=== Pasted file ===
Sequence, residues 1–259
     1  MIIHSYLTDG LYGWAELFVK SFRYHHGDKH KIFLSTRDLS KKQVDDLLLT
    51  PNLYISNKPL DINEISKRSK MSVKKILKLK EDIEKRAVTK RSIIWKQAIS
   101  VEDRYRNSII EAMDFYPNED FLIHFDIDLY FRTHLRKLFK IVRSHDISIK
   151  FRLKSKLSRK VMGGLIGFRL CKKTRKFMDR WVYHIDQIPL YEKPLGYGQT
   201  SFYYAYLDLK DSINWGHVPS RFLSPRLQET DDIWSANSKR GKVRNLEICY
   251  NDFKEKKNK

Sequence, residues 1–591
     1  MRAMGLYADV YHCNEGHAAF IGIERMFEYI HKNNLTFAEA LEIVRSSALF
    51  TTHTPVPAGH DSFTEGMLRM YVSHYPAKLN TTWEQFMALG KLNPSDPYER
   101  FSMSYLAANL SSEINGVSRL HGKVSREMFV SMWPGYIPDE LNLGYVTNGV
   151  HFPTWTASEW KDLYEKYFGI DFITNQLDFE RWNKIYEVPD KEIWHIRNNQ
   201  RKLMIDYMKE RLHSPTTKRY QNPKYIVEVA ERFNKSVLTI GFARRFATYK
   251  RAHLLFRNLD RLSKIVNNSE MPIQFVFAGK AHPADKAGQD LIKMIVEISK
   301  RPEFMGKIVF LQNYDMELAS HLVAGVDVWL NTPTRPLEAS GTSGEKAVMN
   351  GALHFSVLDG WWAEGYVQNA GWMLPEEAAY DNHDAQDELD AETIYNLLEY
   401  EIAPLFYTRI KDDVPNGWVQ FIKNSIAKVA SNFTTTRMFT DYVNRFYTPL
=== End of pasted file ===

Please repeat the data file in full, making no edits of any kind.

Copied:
Sequence, residues 1–259
     1  MIIHSYLTDG LYGWAELFVK SFRYHHGDKH KIFLSTRDLS KKQVDDLLLT
    51  PNLYISNKPL DINEISKRSK MSVKKILKLK EDIEKRAVTK RSIIWKQAIS
   101  VEDRYRNSII EAMDFYPNED FLIHFDIDLY FRTHLRKLFK IVRSHDISIK
   151  FRLKSKLSRK VMGGLIGFRL CKKTRKFMDR WVYHIDQIPL YEKPLGYGQT
   201  SFYYAYLDLK DSINWGHVPS RFLSPRLQET DDIWSANSKR GKVRNLEICY
   251  NDFKEKKNK

Sequence, residues 1–591
     1  MRAMGLYADV YHCNEGHAAF IGIERMFEYI HKNNLTFAEA LEIVRSSALF
    51  TTHTPVPAGH DSFTEGMLRM YVSHYPAKLN TTWEQFMALG KLNPSDPYER
   101  FSMSYLAANL SSEINGVSRL HGKVSREMFV SMWPGYIPDE LNLGYVTNGV
   151  HFPTWTASEW KDLYEKYFGI DFITNQLDFE RWNKIYEVPD KEIWHIRNNQ
   201  RKLMIDYMKE RLHSPTTKRY QNPKYIVEVA ERFNKSVLTI GFARRFATYK
   251  RAHLLFRNLD RLSKIVNNSE MPIQFVFAGK AHPADKAGQD LIKMIVEISK
   301  RPEFMGKIVF LQNYDMELAS HLVAGVDVWL NTPTRPLEAS GTSGEKAVMN
   351  GALHFSVLDG WWAEGYVQNA GWMLPEEAAY DNHDAQDELD AETIYNLLEY
   401  EIAPLFYTRI KDDVPNGWVQ FIKNSIAKVA SNFTTTRMFT DYVNRFYTPL